Consider the climactic scene in Ex Machina, where the megalomaniac cartoon genius Nathan, who roars around the set like Dark Mark Zuckerberg in Bluebeard’s castle, is shown hoarding the naked bodies of previous fembot models in his bedroom. For Nathan, the sentience of his sex-slaves is beside the point: meat or metal, women will never be fully human. For the fembots, the men who own them – whether it’s mad billionaire Nathan or sweet, hapless desk-jockey Caleb – are obstacles to be overcome, with violence if necessary.
When the cyborgs take over the machines, will men still matter? In fiction, as in life, one way for oppressed people to free themselves is to use technology to master the machines that made them. ‘The main trouble with cyborgs, of course, is that they are the illegitimate offspring of militarism and patriarchal capitalism,’ writes Haraway. ‘But illegitimate
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The philosopher Donna Haraway observes in A Cyborg Manifesto that ‘the boundary between science fiction and social reality is an optical illusion’, and the history of female robots on film is almost as long as the history of cinema itself. In almost every incarnation of fembots on screen, from Fritz Lang’s Metropolis to the modern masterpiece Her, the same questions arise: are AIs really people, and if so, can we live with what we’ve done to them?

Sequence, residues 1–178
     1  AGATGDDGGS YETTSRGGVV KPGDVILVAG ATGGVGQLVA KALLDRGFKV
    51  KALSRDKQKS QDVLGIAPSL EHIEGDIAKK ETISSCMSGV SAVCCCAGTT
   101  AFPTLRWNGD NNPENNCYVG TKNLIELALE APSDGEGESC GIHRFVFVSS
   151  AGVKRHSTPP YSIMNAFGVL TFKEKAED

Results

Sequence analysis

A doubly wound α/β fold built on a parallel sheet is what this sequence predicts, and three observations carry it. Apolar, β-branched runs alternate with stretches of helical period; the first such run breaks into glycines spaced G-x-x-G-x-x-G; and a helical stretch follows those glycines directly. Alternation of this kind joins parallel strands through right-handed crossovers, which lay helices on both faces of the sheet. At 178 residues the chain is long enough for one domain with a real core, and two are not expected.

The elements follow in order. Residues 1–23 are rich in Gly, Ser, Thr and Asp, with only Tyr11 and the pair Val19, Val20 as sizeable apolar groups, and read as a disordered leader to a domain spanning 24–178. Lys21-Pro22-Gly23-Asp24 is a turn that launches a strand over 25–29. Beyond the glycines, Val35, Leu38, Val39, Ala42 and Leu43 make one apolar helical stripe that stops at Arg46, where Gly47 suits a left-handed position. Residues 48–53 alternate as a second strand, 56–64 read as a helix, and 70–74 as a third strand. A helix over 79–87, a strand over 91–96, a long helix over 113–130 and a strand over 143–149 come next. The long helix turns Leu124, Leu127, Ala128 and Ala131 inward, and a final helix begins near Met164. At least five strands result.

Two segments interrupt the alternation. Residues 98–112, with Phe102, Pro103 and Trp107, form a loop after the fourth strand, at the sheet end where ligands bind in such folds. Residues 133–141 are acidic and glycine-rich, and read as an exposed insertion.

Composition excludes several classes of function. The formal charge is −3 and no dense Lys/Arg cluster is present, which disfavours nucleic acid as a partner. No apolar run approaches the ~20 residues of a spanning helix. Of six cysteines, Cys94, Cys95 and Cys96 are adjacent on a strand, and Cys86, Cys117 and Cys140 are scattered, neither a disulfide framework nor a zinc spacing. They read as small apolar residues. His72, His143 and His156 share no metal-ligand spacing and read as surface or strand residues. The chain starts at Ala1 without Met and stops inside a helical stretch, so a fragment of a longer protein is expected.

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The world is before you and you need not take it or leave it as it was when you came in.
James Baldwin
Take all the rules away. How can we live if we don’t change?
Beyoncé
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6Freedom of speech does not mean freedom from responsibility for the consequences of your speech. Nobody else is actually stopping you from saying things other people might interpret as racist, or sexist, or transphobic. You are stopping yourself. And you’re stopping yourself for a reason, because part of you knows that the world is changing, and it will continue to change, and you might have to change with it. You are allowed to make mistakes. What you can’t do is ignore and dismiss the voices of less privileged groups and expect to hear nothing but polite applause.
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1Freedom of speech does not mean that speech has no consequences. If that were the case, it wouldn’t be so important to protect speech in the first place. If you use your freedom of speech to harass and hurt other people, you should expect to hear about it.
2Freedom of speech does not mean you never get called out. In particular, it does not mean that nobody is allowed to call you out for saying something racist, sexist or bigoted